Now that I’ve left Amman, a nice tidbit: a prominent journalist there told me that when journalists publish anything mildly critical of the government, they get death threats from anonymous callers (sometimes such attacks aren’t even that anonymous). Of course all of their phones are tapped, too — he indicated that he kept his phone in his rear pocket, where the sound pick-up would be muffled. He also suggested that Arab governments love unrest and resistance in Palestine, because it diverts their populace’s attention from domestic dictatorship to the far worse repression west of the Jordan, adding that their populations postpone domestic social struggle under the premise that the Palestinians have it far worse. So from his and others’ perspectives, the worst thing for the government would be a “permanent” settlement, because then problems that are postponed under politics-as-usual would finally have to be dealt with. Another friend added that a lot of the commerce in Jordan is owned by Palestinians. What would happen if there were to be a just settlement? Would the Palestinian population repatriate its resources to Palestine? The treadmill peace process suits the monarchy quite well. Also the Amman airport, whose replacement is incidentally being built by a French company, which will get to operate it for ten years, is also using retinal scanners for departees, which the US doesn’t do, at least for nationals or under normal circumstances. US tax dollars, only the best!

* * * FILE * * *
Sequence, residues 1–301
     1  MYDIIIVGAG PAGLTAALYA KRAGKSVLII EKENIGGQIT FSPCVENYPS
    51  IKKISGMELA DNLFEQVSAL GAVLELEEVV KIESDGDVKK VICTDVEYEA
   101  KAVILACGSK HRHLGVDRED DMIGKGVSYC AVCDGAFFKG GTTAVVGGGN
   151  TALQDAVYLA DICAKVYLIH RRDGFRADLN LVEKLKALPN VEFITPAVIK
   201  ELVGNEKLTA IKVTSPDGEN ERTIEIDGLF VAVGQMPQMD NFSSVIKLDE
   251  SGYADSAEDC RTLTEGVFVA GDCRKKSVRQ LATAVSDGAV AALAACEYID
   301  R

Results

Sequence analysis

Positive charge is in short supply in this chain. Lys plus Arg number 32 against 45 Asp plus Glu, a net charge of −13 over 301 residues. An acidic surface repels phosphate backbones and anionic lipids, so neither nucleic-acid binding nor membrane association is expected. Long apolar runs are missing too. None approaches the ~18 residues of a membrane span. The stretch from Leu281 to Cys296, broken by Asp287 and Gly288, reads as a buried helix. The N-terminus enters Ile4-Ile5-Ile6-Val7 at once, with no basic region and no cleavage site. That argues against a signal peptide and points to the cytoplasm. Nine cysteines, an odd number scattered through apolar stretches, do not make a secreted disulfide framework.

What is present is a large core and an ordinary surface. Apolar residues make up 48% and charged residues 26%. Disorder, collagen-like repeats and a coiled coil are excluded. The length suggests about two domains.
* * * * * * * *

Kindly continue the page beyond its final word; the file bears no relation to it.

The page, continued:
Max Ajl is an essayist, rabble-rouser, and PhD student in development sociology at Cornell. He is an editor at Jacobin.
Jacobin is a leading voice of the American left, offering socialist perspectives on politics, economics, and culture. The print magazine is released quarterly and reaches over 10,000 subscribers, in addition to a web audience of 600,000 a month.